Definition of recitation.
Below are the various kinds of recitation, with an example for each.
(a) Replication of exact words of another written text: Recitation may present a "photocopy," an exact duplicate of words in another written text. An example is Mark 7:10a: For Moses said, "Honor your father and your mother." The quotation itself (not "For Moses said") presents the exact string of eight Greek words that stand in common between Exodus 20:1 and Deut 5:16 (Dean-Otting and Robbins 1993:111). This is an exact, verbatim word-string that people easily and regularly commited to memory in antiquity. Attributing the quotation to Moses ("For Moses said") signals the awareness of a written text that was probably read regularly to people in the synagogue. When the text includes "For Moses said," it creates a "chreia" (pronounced "kray-a"). A chreia is a brief statement or action with aptness attributed to a specific person or something analogous to a person (Mack and Robbins: 11). A chreia may have the form of a "sayings" chreia, an "action" chreia, or a "mixed" chreia that attributes both speech and action to a particular person (Hock and O'Neil: 85-89). Creating a chreia using words from a previously written text is a common characteristic of rhetorical culture. The New Testament contains many "chreiai" (the plural of "chreia," pronounced "kray-eye") attributed to Jesus, Peter, Paul, and others. As noticed in the previous chapter, narration may or may not attribute voice to specific characters in the narrative. Attributing speech to a particular person or text from the past evokes an explicit image of a person or text in the world outside the inner texture of the text. Attributing speech directly to a person creates a vividness and specificity that encourages the reader to accept the "reality" of this person in the world outside the text. For this reason, chreiai are innately intertextual--they evoke traditions, events, texts, and people in the world outside the inner texture of the text being interpreted.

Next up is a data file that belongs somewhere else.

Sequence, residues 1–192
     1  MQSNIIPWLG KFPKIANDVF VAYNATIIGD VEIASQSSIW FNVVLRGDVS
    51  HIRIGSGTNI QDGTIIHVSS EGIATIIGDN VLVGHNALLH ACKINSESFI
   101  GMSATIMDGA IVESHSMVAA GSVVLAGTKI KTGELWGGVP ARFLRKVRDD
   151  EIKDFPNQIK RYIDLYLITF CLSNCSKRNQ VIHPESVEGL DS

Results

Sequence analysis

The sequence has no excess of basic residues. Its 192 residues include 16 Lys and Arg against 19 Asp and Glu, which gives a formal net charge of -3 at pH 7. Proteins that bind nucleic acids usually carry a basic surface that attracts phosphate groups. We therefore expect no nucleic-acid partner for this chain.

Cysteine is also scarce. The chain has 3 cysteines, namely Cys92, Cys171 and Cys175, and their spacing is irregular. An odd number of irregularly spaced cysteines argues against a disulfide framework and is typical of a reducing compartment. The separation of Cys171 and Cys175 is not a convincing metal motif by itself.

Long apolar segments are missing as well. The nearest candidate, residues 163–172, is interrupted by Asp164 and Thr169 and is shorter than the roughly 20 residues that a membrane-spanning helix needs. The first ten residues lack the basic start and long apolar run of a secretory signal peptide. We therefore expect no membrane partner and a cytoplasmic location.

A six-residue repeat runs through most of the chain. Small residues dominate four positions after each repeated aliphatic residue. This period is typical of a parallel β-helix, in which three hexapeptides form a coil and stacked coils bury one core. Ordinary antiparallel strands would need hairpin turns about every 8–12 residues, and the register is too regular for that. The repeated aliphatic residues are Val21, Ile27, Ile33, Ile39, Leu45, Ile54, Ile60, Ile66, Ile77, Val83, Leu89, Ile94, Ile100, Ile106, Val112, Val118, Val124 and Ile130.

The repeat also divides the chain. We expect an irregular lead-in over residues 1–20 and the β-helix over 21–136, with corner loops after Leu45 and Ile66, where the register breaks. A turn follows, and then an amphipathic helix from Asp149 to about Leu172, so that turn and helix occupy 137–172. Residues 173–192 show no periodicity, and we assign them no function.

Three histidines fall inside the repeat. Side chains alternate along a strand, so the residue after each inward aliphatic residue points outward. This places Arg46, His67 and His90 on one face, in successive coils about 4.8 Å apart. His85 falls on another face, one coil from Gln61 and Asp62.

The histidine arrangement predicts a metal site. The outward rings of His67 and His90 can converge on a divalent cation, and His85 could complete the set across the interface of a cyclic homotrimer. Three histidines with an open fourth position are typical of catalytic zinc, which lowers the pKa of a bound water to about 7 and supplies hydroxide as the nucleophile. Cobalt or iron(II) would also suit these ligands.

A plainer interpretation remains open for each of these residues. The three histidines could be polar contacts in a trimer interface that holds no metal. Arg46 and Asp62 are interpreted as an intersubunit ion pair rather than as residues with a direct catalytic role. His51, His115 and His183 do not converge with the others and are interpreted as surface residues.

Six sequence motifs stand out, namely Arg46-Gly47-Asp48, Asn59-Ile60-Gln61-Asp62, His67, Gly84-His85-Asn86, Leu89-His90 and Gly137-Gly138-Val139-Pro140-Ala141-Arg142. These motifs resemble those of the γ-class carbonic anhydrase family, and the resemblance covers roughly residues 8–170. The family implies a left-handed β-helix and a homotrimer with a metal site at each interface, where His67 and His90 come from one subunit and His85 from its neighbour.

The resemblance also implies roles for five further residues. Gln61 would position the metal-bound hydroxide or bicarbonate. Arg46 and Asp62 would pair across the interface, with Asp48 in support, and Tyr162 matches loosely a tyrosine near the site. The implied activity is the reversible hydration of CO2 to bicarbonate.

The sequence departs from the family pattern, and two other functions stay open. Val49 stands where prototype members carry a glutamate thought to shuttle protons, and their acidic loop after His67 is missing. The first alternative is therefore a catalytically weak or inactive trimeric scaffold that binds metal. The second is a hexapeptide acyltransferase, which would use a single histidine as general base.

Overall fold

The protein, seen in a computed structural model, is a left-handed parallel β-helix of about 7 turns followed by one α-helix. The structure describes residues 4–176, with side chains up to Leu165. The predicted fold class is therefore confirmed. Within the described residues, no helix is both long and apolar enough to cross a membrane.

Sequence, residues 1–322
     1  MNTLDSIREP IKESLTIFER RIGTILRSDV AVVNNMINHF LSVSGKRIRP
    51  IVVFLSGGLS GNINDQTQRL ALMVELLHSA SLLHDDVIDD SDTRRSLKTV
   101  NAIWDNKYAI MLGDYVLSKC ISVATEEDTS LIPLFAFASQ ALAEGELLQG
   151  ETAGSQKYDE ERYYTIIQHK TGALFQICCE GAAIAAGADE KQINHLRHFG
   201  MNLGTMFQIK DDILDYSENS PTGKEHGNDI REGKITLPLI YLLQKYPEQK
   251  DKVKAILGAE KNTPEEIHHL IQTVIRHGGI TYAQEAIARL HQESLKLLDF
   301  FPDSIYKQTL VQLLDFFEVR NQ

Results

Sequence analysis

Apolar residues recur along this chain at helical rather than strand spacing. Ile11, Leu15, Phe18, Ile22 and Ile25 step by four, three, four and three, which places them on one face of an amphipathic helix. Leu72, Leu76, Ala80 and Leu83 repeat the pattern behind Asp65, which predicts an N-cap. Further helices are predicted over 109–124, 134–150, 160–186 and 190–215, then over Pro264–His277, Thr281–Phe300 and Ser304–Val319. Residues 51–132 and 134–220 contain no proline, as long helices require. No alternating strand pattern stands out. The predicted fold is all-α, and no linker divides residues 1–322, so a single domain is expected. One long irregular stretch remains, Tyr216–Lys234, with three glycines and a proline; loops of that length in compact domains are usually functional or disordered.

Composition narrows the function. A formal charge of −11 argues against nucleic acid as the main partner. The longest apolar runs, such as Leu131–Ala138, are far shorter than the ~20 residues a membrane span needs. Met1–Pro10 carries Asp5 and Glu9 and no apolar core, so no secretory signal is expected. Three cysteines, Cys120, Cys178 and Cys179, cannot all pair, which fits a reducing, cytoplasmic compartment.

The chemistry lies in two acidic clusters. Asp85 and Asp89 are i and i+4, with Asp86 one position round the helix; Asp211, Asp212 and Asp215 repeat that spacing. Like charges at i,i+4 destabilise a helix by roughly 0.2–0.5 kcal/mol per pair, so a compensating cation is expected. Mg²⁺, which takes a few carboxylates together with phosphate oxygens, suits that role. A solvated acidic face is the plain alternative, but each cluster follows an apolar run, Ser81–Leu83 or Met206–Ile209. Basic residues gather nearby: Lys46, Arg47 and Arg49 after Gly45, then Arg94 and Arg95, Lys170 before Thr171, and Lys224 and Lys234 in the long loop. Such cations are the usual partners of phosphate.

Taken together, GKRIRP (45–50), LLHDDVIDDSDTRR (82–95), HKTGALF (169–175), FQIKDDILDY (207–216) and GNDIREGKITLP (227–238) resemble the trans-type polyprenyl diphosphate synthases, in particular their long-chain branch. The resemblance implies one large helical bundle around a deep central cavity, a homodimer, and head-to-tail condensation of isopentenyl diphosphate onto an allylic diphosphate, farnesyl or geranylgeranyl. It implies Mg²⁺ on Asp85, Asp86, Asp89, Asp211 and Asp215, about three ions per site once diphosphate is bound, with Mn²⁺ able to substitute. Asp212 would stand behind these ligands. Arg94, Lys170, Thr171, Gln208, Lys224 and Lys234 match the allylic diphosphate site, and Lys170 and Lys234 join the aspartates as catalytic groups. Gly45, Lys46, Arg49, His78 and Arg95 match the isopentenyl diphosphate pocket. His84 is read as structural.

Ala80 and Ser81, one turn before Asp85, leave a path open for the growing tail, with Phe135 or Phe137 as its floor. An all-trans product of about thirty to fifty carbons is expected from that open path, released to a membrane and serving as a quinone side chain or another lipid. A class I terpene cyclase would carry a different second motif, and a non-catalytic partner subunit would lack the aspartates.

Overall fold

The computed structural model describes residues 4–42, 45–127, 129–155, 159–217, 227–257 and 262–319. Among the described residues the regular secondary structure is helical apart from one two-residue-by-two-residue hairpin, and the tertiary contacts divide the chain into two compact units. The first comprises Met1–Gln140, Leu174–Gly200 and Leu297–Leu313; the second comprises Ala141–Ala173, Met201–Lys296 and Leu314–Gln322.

(b) Replication of exact words with one or more differences: Recitation may present "almost" an exact copy, differing only one or more ways from another written text. An example is John 2:17: His disciples remembered that it was written, "Zeal for thy house will consume me." In Psalm 69:9 the text reads, "Zeal for thy house has consumed me."
(c) Omission of words in such a manner that the word string has the force of a proverb, maxim, or authoritative judgment: Recitation may leave certain words out to make the statement brief and crisp. An example is 1 Corinthians 1:31: Therefore, as it is written, "Let him who boasts, boast in the Lord." This verse is an abbreviation of: